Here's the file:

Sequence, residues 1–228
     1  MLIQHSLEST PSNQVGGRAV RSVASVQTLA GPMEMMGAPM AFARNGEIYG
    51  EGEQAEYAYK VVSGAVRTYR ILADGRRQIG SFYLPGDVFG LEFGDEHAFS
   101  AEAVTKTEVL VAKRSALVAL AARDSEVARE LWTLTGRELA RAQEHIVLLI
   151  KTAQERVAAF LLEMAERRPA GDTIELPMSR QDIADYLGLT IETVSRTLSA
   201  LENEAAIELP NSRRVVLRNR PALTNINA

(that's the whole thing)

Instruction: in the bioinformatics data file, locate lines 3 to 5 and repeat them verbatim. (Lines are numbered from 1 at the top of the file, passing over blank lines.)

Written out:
    51  EGEQAEYAYK VVSGAVRTYR ILADGRRQIG SFYLPGDVFG LEFGDEHAFS
   101  AEAVTKTEVL VAKRSALVAL AARDSEVARE LWTLTGRELA RAQEHIVLLI
   151  KTAQERVAAF LLEMAERRPA GDTIELPMSR QDIADYLGLT IETVSRTLSA